It should be noted that loss values derived according to one of the models are not directly transferable to other models. The choice of loss model therefore depends in part on the choice of flow estimation method. In most urban stormwater drainage applications this is not a serious problem as the losses are generally only small in comparison to rainfall, and therefore a high degree of accuracy in estimation is not necessary.
Loss values are derived by analysing observed rainfall and runoff data. Since individual values are dependent on the particular rainfall and catchment wetness characteristics of the event, individual values have little meaning except as indicators of those particular events. For design, an average value is usually needed, and since there is no reason for expecting loss rate values for a catchment to conform to any particular distribution, the median of the derived values is probably the most appropriate for design.
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□ Rainfall □ Loss
Time Time
(a) Constant Fraction (b) Constant Loss Rate
Time lime
(c) Initial LossLoss Rate (d) Infiltration curve
(e) U.S. SCS relations
Figure 14.4 Typical Loss Models for Estimating Rainfall Excess
(iv) Choice of Infiltration Loss Model
Choice and validity of the 5 models depend on the data available and the likely runoff processes.
Models (a) and (b) are not often used in current practice. Model (e), the U.S. Soil Conservation Service approach requires further research for Malaysian urban drainage application. Models (c) or (d) are recommended for use in Malaysian urban drainage situations. Table 14.4 contains recommended loss values for use by drainage designers.
If a subcatchment contains areas of different surface condition or landuse, weighted average values of losses for different conditions or landuses, such as proportions of pervious and impervious areas, can be derived using methods similar to those in Section 14.5.6.
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Horton's equation is widely used for describing infiltration capacity in a soil. It describes the decrease in capacity as more water is absorbed by the soil, and has the form:
f = f_{c}+{f_{Q}f_{c}).e^{u} (14.9)
where,
f = the infiltration capacity (mm/hr) at time t
f_{0}= the initial rate of infiltration (mm/hr)
f_{c} = the final constant rate of infiltration (mm/hr)
k= a shape factor (per hr)
t= the time from the start of rainfall (hr).
Recommended parameter values for the Horton's equation are given in Table 14.4. The GreenAmpt equation can also be used. (Chow, 1988)
14.6.2 TimeArea Method
Timearea methods utilise a convolution of the rainfall excess hyetograph with a timearea diagram representing the progressive area contributions within a catchment in set time increments. Separate hydrographs are generated for the impervious and pervious surfaces within the catchment. These are combined to estimate the total flow inputs to individual subcatchment entries to the urban drain network.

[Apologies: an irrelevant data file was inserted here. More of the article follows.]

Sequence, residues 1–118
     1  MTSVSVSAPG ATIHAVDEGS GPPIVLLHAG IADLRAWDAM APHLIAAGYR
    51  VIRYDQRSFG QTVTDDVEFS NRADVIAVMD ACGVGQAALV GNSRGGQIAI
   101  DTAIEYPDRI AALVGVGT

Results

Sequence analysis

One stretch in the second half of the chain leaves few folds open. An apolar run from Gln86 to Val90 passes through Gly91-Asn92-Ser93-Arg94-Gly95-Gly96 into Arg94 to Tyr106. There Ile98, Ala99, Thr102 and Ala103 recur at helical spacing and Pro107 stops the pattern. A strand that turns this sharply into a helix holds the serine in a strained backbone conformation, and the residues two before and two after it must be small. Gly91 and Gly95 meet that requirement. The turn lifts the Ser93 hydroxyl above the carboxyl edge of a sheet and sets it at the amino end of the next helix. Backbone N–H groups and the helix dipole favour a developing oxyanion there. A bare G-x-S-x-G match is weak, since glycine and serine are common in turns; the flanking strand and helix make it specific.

The timearea method dates from the research of Ross in 1922. Networked urban drainage adoptions of the procedure however only date back to 1963. This computerised program known as the TRRL Method was developed by the UK Transport and Road Research Laboratory (TRRL), described by Watkins (1963). In the U.S., Terstriep and Stall (1974) further developed the method to include pervious runoff. In South Africa Watson (1981) made a number of additional changes particularly to the way infiltration was estimated. Between 1982 and 1986 Watson's model was used through extensive changes, to formulate a computerised package known as ILSAX (O'Loughlin, 1988). The subcatchment runoff estimating procedure still utilises the basic timearea method to estimate both pervious and impervious portion of runoff.
This method assumes that the outflow hydrograph for any storm is characterised by separable subcatchment translation and storage effects. Pure translation of the direct runoff to the outlet via the drainage network is described using the channel travel time, resulting in an outflow hydrograph that ignores catchment storage effects.
To apply the method, the catchment is first divided into a number of time zones separated by isochrones or lines of equal travel time to the outlet (Figure 14.5b). The areas
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between isochrones are then determined and plotted against the travel time as shown in Figure 14.5c.
The translated inflow hydrograph ordinates q, for any selected design hyetograph (Figure 14.5d) can now be determined. Each block of storm in Figure 14.5a should be applied (after deducting losses) to the entire catchment; the runoff from each subarea reaches the outflow at lagged intervals defined by the timearea histogram. The simultaneous arrival of the runoff from areas A_{t}, A_{2},...for storms It, I_{2},...should be determined by properly lagging and adding contributions, or generally:
Qi ^{=I}i^{A}i
I_{i}__{1}.A_{2}
I,.A,
(14.10)
where,
g, = the flow hydrograph ordinates (m^{3}/s)
It = excess rainfall hyetograph ordinates (mm/hr)
A, = timearea histogram ordinates (ha)
/ = number of isochrone area contributing to the outlet
For example, the runoff from storms Ij on A_{3l} I_{2} on A_{2} and Is on At arrive at the outlet simultaneously, and q_{3} is the total flow. The total inflow hydrograph (Figure 14.5d) at the outlet can be obtained from Equation 14.10.
Table 14.4 Recommended Loss Models and Values for Hydrograph
Condition 
Loss Model 
Recommended Values 

Impervious